Education Update is a weekly blog post highlighting recent developments in the world of education. The linked articles and summaries are not endorsements, rather frame points of view to begin conversations about the state of education, trends, and how we as designers can play an active role in shaping schools.
All-day kindergarten, smaller classes challenge for schools
The Associated Press reports on Washington State public schools and the struggle to find more classroom space to accommodate Court-and-voter-mandated lowered class sizes. The 2012 State Supreme Court Case, commonly known as the McCleary Decision, ruled in favor of the plaintiff claiming that the State was neglecting its constitutional duty to provide adequate K-12 education to all pupils in Washington. To meet the requirements imposed by the Court over 5,500 classrooms will need to be added throughout 261 districts in the state, at a cost of $2 billion, according to OSPI Director of School Facilities and Organization Gordon Beck. This estimate does not include provisions for meeting the lower student-to-teacher ratio initiative 1351, approved last fall. Districts like Highline School District, just south of Seattle, who failed to pass a super-majority bond, are now forced to find the extra space in portables and re-purposing auxiliary spaces.
Real World Math: A bit of Trig and Hay for the Horses
NPR reports on Colorado teachers who uses agricultural manufacturing to help teach real world applications of math to meet new common core standards. In rural Oak Creek, Colo., agriculture teacher Jay Whaley has teamed up with math teacher Maggie Bruski on a project-based learning effort in which students produce their own giant steel bale feeders. The octagonal steel-tube frame requires precise measurements and welding skills, forcing students to be exact in their equations. “It’s different to see how the math you are doing in class relates to real life. It definitely made it so there was a purpose in doing the math, not just to get numbers,” said student Kendall Hood.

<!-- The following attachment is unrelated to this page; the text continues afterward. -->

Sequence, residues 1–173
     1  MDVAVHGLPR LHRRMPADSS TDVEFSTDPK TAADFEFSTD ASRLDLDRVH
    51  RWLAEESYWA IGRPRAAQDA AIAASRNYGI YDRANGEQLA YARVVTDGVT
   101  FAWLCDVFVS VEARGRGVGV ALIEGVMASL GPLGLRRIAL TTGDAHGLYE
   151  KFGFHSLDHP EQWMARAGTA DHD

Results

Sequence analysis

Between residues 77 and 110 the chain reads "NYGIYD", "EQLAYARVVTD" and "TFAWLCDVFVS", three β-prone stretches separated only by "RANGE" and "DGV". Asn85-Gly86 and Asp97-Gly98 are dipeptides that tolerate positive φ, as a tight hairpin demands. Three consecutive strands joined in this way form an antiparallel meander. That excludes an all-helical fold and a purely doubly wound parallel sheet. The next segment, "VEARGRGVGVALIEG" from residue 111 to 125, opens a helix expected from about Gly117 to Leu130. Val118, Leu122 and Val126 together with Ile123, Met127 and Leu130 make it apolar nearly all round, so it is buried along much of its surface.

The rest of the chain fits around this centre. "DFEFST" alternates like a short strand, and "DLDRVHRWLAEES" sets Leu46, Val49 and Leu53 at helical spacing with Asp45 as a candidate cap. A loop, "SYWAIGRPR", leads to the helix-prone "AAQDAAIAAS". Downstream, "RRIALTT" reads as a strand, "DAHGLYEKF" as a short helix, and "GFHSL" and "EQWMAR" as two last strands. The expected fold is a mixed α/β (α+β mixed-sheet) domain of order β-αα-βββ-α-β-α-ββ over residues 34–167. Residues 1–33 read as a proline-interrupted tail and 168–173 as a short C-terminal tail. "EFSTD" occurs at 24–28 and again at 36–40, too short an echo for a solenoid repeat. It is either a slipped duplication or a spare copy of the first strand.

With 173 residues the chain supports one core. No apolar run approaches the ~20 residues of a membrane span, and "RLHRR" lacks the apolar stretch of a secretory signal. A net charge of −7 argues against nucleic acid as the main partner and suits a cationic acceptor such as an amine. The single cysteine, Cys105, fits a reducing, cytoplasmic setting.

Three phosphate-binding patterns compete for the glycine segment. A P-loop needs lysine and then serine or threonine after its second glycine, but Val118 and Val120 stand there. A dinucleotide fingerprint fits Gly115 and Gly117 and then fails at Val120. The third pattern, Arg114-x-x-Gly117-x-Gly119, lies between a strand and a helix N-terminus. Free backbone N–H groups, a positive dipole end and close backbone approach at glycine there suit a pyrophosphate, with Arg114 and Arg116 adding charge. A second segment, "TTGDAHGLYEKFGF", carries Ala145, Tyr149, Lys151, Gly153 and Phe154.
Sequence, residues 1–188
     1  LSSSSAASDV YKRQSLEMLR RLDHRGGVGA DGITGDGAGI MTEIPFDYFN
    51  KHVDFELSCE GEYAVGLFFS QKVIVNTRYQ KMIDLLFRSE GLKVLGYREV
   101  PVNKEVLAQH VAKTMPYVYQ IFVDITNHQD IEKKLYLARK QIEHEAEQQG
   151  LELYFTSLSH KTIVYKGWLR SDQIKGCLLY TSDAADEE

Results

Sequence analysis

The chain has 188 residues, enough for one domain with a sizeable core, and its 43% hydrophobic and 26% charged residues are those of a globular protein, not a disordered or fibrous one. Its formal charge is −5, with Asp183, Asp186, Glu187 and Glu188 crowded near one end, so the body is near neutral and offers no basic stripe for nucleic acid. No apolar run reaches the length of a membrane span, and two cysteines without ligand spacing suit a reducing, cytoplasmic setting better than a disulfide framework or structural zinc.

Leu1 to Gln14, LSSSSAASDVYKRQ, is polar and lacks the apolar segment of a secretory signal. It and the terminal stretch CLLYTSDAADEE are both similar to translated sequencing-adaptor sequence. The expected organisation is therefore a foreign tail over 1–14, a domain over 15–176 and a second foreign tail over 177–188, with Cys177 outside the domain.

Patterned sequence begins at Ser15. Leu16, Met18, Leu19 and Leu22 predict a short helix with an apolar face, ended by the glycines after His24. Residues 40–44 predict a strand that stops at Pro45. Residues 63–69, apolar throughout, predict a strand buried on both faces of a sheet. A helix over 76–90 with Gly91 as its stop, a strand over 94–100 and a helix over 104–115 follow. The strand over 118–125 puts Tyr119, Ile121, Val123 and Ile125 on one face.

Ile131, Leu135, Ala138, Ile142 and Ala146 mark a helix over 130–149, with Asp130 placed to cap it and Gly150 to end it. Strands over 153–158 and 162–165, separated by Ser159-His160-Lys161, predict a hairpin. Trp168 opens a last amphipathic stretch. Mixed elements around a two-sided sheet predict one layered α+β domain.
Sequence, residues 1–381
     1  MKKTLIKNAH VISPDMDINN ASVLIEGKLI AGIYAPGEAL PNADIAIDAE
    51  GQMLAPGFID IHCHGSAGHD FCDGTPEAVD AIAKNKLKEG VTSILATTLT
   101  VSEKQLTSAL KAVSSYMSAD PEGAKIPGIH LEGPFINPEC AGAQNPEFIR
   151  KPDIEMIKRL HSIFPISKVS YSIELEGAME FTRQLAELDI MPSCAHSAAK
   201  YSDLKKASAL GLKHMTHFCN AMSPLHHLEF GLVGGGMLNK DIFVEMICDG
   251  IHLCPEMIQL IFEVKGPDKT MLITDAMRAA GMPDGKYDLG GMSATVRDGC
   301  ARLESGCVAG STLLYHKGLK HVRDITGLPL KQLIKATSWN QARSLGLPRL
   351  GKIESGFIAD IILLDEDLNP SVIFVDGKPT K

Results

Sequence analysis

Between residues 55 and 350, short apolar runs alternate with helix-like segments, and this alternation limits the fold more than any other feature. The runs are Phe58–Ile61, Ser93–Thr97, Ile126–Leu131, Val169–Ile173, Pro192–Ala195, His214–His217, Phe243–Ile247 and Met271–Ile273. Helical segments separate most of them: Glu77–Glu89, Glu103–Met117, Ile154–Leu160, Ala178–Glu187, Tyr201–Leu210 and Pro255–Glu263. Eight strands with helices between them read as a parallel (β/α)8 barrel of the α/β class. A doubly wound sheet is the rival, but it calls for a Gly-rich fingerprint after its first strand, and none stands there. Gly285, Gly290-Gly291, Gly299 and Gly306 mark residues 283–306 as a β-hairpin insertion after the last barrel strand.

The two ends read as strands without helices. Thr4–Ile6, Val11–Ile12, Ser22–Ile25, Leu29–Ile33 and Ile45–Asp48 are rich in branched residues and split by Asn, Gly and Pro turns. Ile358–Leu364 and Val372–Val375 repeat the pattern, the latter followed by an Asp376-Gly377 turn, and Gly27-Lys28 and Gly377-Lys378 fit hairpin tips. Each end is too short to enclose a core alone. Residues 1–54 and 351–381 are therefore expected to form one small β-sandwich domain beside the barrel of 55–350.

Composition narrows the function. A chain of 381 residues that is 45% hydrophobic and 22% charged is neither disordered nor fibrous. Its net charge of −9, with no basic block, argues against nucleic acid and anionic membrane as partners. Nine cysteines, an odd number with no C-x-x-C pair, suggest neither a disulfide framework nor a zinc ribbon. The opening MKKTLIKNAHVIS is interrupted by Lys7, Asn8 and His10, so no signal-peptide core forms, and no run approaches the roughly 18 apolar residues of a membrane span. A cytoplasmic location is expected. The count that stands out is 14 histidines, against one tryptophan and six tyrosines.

If Walls Could Talk: What Lead Is Doing To Our Students
NPR reports on a new study linking tangible gains in student achievement to reduced lead exposure. Lead, which even in low levels can negatively impact cognitive development and performance in children, became prevalent throughout the United States after the Second World War. It wasn’t until the 1970s, after it had been incorporated into gasoline, cars, paints, and a host of other products, did data emerge leading to its ban in most applications. Researcher Jessica Wolpaw Reyes has been studying the links between lead exposure levels and performance on tests and has found that in Massachusettes, “if lead had stayed at 1990 levels, unsatisfactory performance statewide would have been 5 percent higher.”